1000 Albums Project

ALBUM 26

Architecture and Morality, by Orchestral Manoeuvres in the Dark
Suggested by Bryan Connolly

Track 5 on Architecture and Morality is called Joan of Arc. Track 6? Also called Joan of Arc. But they added Maid of Orleans in parentheses, because why the hell not?

I can see the band meeting now…

“Andy, why are tracks 5 and 6 both called Joan of Arc?”
“I bloody love Joan of Arc, mate.”
“Don’t you think it’s a bit weird?”
“It’s good enough for New York, New York.”
“But that’s one song named twice, Andy. This is the opposite.”
“… and Louis Louis, and Mony Mony, and Doctor Doctor.”
“Doctor Doctor?”
“Won’t be released for another three years, mate, don’t worry about it.”
“We can’t call them both Joan of Arc, Andy. It makes us look like dickheads.”
“Fine. Slap Maid of Orleans after the second one. In brackets. Bosh! Done.”
“So the first is called Joan of Arc, and the second is called Joan of Arc (Joan of Arc’s nickname)?”
“DON’T MAKE ME SAY BOSH AGAIN!”

And the album name! “Architecture and Morality” … wow. Let’s all play that game! “Town Planning and Frivolity” … “Agriculture and Personal Ethics” … “Civil Engineering and UNDESCRIBABLE RAGE”.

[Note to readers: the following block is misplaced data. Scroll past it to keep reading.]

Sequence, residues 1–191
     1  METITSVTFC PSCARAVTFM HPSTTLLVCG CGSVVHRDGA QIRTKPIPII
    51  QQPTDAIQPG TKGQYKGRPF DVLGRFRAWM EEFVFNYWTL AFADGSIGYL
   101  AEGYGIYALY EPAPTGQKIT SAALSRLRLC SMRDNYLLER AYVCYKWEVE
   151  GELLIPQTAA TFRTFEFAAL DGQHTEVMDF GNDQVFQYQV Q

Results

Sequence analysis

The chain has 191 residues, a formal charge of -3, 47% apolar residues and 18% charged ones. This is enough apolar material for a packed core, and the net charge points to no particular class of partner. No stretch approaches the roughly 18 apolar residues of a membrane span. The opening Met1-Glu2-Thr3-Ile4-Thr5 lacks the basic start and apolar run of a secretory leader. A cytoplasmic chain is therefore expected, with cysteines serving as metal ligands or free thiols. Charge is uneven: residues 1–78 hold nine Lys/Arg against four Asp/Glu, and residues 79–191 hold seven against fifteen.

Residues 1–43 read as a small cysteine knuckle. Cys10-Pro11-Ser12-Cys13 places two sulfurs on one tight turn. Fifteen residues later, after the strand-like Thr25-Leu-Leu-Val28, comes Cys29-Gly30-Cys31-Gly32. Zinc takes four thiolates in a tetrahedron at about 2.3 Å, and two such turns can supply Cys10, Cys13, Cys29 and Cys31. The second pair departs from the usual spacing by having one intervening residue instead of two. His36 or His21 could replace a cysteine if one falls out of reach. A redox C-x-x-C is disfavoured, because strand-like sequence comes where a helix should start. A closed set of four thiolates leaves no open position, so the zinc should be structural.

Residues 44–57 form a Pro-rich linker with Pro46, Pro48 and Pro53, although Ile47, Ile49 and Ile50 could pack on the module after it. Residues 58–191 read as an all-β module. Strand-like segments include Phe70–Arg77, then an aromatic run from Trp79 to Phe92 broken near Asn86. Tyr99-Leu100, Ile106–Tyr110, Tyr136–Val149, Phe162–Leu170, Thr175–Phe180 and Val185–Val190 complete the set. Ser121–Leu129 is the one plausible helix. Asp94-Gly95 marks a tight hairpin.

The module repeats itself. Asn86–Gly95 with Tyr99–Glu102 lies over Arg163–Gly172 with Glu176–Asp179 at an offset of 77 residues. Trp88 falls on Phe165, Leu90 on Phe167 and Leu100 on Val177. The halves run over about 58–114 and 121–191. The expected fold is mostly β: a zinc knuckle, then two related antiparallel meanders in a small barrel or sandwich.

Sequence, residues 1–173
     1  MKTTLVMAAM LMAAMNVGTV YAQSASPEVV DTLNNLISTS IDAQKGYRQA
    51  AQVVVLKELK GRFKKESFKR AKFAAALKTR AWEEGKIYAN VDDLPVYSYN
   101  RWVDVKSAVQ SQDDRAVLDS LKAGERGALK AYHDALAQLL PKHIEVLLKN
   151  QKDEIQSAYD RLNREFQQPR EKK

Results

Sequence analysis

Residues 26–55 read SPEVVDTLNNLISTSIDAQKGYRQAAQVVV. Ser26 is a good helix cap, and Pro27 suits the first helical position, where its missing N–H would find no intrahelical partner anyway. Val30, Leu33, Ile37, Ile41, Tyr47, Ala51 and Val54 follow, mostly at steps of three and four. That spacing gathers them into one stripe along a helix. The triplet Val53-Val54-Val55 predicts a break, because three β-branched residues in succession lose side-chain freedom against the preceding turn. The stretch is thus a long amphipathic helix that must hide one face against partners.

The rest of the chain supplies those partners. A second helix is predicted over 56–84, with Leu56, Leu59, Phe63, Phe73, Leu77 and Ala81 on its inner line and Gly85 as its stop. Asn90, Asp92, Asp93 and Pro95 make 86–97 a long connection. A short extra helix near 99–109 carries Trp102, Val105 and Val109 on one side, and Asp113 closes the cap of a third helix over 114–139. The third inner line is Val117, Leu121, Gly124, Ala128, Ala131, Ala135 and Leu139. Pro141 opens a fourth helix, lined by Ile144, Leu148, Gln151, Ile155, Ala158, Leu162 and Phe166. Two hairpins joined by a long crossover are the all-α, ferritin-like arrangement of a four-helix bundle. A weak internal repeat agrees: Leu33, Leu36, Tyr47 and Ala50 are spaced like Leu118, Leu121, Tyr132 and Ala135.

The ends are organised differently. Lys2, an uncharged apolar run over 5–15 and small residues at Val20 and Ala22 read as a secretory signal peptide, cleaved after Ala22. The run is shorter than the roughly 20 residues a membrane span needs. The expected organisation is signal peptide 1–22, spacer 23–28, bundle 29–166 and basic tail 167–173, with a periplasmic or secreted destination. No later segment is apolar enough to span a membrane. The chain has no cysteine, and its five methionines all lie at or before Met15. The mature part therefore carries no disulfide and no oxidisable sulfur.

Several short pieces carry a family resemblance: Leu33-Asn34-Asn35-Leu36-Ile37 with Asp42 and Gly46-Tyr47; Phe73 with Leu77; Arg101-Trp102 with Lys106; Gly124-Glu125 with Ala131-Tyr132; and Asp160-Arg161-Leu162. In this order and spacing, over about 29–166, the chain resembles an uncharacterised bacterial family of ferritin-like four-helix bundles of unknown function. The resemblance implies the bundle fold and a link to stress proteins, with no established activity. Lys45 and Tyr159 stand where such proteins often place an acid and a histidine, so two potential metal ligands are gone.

This album is sparse. There’s little music for your money, with OMD preferring to colour in the silence than fill it with joyful abandon. I’ve a lot of time for that when it serves to heighten the music, such as Enya or Dido, Architecture and Morality does not achieve such a melodious Zen. It feels incomplete, untethered, as if the songwriters made a half-decent start then wandered off to the pub.

It’s vacuous, experimental, almost insulting, a flippant “that’ll do” without style or substance. The title track is particularly empty, so much so that at one point I raised my weary head in appreciation of a few bars that sounded vaguely like music, only to find that the tuneful tinkling I’d singled out for faint praise was actually one of my kittens climbing the kitchen counter and rubbing against a fully laden mug tree.

Some people might embrace the sparseness, finding beauty in the esoteric. Me, the base aesthete that I am, demands a little more bang for my buck. Even the standout track, the vaguely familiar Souvenir, can’t pull this back from the brink.

2/10. Bosh! Done.

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